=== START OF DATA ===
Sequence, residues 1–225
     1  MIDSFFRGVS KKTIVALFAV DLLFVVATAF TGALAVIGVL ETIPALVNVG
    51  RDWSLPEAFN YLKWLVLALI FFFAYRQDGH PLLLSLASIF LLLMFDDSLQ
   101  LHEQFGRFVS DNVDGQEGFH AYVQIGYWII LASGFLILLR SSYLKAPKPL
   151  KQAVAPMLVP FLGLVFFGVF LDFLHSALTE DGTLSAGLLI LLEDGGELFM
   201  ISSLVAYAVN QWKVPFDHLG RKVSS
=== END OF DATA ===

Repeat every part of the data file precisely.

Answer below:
Sequence, residues 1–225
     1  MIDSFFRGVS KKTIVALFAV DLLFVVATAF TGALAVIGVL ETIPALVNVG
    51  RDWSLPEAFN YLKWLVLALI FFFAYRQDGH PLLLSLASIF LLLMFDDSLQ
   101  LHEQFGRFVS DNVDGQEGFH AYVQIGYWII LASGFLILLR SSYLKAPKPL
   151  KQAVAPMLVP FLGLVFFGVF LDFLHSALTE DGTLSAGLLI LLEDGGELFM
   201  ISSLVAYAVN QWKVPFDHLG RKVSS